Hormone affects females, males differently
University of Minnesota researchers have demonstrated for the first time how estrogen affects learning and memory. They found that estrogen can activate particular glutamate receptors within the hippocampus, the brain region responsible for many aspects of learning and memory. Glutamate is the primary excitatory neurotransmitter in the brain, allowing for fast communication between neurons. By examining hippocampal neurons from rats, researchers also observed that estrogen only activated the processes related to learning and memory in the brains of female rats and not males. While it has been well documented that estrogen influences other behaviors beyond reproduction, including learning and memory, the mechanism has remained elusive. The findings of this research are in this weeks Journal of Neuroscience.
"We believe this is an important first step in understanding not just how estrogen affects learning and memory, but also a variety of non-reproductive behaviors," says Paul Mermelstein, Ph.D., assistant professor of neuroscience at the University of Minnesota and lead researcher. "Estrogen activation of glutamate receptors within other brain regions could also potentially account for the well-documented actions of this hormone on female motor control and pain sensation."
Molly Portz | EurekAlert!
BigH1 -- The key histone for male fertility
14.12.2017 | Institute for Research in Biomedicine (IRB Barcelona)
Guardians of the Gate
14.12.2017 | Max-Planck-Institut für Biochemie
MPQ scientists achieve long storage times for photonic quantum bits which break the lower bound for direct teleportation in a global quantum network.
Concerning the development of quantum memories for the realization of global quantum networks, scientists of the Quantum Dynamics Division led by Professor...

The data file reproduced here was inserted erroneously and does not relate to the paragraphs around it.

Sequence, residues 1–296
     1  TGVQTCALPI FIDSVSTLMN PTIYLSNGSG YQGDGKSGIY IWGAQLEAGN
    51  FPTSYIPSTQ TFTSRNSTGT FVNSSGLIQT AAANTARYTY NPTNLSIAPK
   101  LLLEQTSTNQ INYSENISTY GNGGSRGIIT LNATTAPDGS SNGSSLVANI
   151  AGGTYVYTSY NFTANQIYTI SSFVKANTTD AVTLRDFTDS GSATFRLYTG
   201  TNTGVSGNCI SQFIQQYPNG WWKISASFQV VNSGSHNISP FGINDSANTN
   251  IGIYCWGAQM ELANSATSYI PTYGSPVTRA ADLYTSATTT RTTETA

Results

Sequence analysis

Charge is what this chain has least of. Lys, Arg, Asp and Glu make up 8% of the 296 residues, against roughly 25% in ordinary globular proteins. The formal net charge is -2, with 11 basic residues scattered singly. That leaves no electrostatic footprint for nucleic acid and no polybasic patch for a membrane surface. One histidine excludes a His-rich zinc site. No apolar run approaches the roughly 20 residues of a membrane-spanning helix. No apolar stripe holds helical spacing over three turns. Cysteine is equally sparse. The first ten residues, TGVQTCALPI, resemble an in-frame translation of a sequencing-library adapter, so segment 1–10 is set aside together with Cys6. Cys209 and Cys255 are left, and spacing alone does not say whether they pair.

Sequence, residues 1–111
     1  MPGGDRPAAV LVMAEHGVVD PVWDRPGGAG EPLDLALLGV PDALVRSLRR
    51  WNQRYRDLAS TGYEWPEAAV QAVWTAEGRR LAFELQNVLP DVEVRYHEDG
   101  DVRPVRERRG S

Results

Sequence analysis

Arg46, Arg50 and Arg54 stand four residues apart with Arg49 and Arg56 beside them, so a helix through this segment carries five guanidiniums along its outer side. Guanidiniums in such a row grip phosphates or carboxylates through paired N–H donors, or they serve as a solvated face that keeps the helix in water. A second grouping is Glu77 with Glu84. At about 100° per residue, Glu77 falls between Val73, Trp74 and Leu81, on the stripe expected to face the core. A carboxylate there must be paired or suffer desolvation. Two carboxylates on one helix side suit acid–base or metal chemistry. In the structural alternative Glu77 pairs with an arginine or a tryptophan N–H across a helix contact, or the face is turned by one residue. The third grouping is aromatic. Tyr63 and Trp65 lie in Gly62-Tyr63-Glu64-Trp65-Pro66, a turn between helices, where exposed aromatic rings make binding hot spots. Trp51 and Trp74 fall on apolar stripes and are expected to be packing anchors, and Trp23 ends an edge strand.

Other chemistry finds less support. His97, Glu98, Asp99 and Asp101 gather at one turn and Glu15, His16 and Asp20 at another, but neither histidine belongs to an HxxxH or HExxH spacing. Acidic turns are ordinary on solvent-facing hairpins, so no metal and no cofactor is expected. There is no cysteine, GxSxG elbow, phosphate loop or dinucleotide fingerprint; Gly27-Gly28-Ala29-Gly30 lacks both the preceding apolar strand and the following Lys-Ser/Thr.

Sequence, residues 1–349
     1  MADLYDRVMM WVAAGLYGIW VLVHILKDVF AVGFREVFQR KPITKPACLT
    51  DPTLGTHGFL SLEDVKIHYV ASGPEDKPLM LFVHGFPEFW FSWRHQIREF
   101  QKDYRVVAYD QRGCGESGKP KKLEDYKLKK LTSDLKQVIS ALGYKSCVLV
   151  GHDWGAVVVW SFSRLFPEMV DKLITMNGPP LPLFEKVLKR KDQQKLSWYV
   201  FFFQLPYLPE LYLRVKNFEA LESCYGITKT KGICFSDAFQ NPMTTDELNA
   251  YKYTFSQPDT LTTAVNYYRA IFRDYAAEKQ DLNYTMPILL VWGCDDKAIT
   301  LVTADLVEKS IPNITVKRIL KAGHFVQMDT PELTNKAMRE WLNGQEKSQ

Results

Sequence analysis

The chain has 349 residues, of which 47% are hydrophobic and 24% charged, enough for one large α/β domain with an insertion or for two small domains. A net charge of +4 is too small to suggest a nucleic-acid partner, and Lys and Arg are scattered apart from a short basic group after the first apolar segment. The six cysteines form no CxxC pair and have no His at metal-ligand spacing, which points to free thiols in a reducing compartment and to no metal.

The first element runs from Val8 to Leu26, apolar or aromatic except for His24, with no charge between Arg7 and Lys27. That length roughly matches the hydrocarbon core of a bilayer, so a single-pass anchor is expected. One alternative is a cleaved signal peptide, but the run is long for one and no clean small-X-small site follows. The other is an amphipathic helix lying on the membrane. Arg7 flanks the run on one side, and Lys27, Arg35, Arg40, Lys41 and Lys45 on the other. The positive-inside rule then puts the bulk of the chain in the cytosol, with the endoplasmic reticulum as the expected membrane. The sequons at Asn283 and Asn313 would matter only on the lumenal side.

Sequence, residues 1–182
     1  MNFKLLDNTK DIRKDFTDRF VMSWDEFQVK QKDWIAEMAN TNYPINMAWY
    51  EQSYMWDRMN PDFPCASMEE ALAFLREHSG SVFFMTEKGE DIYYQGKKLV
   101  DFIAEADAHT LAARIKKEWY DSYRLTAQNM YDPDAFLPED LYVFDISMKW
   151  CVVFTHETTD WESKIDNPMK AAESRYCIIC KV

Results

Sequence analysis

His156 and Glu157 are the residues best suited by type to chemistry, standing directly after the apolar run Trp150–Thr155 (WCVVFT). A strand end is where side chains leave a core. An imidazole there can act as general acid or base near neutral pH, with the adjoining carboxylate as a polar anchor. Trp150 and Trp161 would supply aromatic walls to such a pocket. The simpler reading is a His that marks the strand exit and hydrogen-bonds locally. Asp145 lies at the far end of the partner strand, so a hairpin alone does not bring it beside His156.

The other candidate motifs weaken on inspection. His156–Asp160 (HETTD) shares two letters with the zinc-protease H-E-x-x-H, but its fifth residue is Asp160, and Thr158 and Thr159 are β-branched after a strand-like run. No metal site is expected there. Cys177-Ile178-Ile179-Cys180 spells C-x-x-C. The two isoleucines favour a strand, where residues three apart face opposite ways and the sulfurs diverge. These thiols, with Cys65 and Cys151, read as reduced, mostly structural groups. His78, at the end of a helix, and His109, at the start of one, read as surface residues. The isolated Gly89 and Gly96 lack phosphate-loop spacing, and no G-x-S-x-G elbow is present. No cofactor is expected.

Researchers have developed a water cloaking concept based on electromagnetic forces that could eliminate an object's wake, greatly reducing its drag while...
Tiny pores at a cell's entryway act as miniature bouncers, letting in some electrically charged atoms--ions--but blocking others. Operating as exquisitely sensitive filters, these "ion channels" play a critical role in biological functions such as muscle contraction and the firing of brain cells.
To rapidly transport the right ions through the cell membrane, the tiny channels rely on a complex interplay between the ions and surrounding molecules,...
The miniaturization of the current technology of storage media is hindered by fundamental limits of quantum mechanics. A new approach consists in using so-called spin-crossover molecules as the smallest possible storage unit. Similar to normal hard drives, these special molecules can save information via their magnetic state. A research team from Kiel University has now managed to successfully place a new class of spin-crossover molecules onto a surface and to improve the molecule’s storage capacity. The storage density of conventional hard drives could therefore theoretically be increased by more than one hundred fold. The study has been published in the scientific journal Nano Letters.
Over the past few years, the building blocks of storage media have gotten ever smaller. But further miniaturization of the current technology is hindered by...
With innovative experiments, researchers at the Helmholtz-Zentrums Geesthacht and the Technical University Hamburg unravel why tiny metallic structures are extremely strong
Light-weight and simultaneously strong – porous metallic nanomaterials promise interesting applications as, for instance, for future aeroplanes with enhanced...
11.12.2017 | Event News
08.12.2017 | Event News
07.12.2017 | Event News
14.12.2017 | Health and Medicine
14.12.2017 | Physics and Astronomy
14.12.2017 | Life Sciences